Gabrielle Hawkins: I’m a Brooklyn girl. Not today’s Brooklyn, I’m Brooklyn from the 90’s. I think that’s an important aspect of who I am because it has shaped who I am today and my creative work. I studied film at Brooklyn College and graduated with a B.A. in Film Production. I also participated in a 3 month program at the Met Film School in London where I studied Film Producing. I didn’t grow up knowing I wanted to be a filmmaker but I knew I wanted to tell stories through art whether it was through dance, writing or photography. After I took my first film class in college, I knew that I wanted to focus on film.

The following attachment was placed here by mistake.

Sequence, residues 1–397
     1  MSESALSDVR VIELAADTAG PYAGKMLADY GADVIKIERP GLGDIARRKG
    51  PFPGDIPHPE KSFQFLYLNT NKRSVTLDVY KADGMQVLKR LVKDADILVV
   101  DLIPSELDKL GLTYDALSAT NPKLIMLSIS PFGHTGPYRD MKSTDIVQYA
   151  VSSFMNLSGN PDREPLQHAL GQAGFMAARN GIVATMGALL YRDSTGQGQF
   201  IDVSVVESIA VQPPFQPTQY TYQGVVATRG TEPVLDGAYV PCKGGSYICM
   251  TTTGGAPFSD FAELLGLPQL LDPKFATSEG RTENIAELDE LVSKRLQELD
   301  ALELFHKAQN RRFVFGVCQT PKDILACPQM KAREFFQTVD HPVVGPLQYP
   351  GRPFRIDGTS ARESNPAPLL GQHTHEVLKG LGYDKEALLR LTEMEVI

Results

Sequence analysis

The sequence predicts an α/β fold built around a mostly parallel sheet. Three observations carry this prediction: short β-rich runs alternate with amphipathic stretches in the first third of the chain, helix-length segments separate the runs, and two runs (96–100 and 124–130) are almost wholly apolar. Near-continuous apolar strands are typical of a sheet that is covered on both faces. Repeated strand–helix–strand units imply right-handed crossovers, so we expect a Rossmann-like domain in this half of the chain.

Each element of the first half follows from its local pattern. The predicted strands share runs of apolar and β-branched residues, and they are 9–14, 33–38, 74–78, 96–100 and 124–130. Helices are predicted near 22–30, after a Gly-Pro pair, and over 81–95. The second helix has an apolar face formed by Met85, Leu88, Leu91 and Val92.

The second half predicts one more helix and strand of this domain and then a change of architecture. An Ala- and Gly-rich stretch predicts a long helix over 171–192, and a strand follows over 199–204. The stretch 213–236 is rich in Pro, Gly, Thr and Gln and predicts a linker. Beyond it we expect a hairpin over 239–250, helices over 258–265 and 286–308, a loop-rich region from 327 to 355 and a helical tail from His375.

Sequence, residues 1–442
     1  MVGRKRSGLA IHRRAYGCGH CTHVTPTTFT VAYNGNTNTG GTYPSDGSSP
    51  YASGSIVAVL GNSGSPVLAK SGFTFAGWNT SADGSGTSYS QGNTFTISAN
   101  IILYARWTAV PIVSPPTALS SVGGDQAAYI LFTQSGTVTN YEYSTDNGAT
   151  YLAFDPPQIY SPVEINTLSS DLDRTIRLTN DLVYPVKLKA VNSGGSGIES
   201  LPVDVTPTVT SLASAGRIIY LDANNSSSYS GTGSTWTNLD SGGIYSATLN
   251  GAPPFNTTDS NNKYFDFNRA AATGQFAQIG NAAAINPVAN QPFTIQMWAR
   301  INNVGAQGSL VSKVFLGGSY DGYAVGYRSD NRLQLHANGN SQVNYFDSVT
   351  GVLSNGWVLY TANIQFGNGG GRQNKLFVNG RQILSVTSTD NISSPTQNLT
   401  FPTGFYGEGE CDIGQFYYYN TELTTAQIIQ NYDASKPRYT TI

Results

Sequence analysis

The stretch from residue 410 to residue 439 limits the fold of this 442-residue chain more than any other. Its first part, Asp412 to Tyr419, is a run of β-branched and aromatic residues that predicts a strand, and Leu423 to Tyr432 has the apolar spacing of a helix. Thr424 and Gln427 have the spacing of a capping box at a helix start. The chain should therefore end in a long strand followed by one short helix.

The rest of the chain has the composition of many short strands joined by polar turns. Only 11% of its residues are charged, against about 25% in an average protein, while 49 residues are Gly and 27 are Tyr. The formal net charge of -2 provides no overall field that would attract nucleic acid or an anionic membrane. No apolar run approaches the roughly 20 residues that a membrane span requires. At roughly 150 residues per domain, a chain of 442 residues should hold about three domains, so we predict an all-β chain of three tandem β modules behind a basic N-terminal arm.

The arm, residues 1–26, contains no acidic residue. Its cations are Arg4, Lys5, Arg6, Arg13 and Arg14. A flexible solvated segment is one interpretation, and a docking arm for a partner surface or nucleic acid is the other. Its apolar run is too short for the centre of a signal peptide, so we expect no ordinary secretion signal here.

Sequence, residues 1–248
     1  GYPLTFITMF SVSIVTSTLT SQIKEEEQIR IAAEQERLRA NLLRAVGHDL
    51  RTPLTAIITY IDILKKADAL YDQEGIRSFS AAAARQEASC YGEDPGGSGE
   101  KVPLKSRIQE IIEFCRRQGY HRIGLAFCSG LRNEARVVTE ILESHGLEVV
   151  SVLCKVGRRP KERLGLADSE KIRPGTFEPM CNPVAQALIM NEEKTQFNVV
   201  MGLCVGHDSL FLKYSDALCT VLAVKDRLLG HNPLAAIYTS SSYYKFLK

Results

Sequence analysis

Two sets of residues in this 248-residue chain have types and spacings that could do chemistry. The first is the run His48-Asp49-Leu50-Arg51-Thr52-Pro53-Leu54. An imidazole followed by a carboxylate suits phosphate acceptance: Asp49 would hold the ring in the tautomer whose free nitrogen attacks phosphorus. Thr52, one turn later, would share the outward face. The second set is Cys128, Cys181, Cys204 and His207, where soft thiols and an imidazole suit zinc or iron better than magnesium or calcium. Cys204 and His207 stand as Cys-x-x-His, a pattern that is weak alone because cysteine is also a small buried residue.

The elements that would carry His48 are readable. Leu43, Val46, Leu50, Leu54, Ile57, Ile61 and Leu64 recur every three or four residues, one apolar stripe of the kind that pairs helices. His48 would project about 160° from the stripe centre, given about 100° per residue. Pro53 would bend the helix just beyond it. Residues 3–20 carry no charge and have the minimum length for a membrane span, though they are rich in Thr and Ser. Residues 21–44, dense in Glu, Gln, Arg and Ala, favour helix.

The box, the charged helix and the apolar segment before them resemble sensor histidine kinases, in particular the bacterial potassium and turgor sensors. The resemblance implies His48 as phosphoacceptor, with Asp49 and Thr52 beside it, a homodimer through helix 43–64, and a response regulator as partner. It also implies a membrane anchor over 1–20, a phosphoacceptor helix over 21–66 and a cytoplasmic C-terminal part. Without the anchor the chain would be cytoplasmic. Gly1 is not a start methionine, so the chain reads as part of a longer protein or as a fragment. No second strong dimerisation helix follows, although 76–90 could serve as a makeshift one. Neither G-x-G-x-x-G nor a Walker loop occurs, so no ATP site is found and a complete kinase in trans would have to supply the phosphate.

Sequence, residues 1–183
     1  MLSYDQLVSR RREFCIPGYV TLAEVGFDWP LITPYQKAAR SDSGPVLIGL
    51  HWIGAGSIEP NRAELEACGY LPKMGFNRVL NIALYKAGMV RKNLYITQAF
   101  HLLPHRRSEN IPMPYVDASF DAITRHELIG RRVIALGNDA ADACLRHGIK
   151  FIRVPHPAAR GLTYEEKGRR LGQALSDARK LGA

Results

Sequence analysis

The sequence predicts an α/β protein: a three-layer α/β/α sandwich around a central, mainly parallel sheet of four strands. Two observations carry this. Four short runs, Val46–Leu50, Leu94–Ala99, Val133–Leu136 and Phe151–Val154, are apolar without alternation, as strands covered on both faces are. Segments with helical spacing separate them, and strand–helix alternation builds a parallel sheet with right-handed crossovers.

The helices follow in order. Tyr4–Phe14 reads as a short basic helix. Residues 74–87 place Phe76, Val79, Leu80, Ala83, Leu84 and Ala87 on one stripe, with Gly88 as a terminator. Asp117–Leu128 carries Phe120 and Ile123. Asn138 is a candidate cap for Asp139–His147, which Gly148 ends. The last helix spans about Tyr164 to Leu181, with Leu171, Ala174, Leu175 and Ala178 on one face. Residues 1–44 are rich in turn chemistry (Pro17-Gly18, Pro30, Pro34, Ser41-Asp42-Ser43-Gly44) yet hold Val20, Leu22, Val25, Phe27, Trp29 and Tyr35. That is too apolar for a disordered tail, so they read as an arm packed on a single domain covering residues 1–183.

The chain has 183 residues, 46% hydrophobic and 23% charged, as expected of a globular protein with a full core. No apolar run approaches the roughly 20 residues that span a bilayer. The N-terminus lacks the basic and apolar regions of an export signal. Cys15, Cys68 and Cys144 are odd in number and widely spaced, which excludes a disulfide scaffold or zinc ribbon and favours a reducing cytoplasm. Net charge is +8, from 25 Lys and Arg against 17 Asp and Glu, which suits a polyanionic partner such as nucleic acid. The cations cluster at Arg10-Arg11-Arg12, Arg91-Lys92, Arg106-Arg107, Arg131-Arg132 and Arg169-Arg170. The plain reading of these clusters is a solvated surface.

BSF: What drew you to filmmaking? What about the medium drives you to create movies?
GH: Media is probably the most influential tool out there. I love the artistry of film and the creation process. I’m influenced by music, films, dance, photography and life overall. Film allows me to combine all of these passions. Film can make you feel included or excluded. For example, in high school I remember I started to believe some of the stereotypes that I saw on screen. At some times I felt that was all I could amount to. Thank goodness for my parents and grandparents who showed me different positive African-American images and always taught me history that wasn’t taught in school.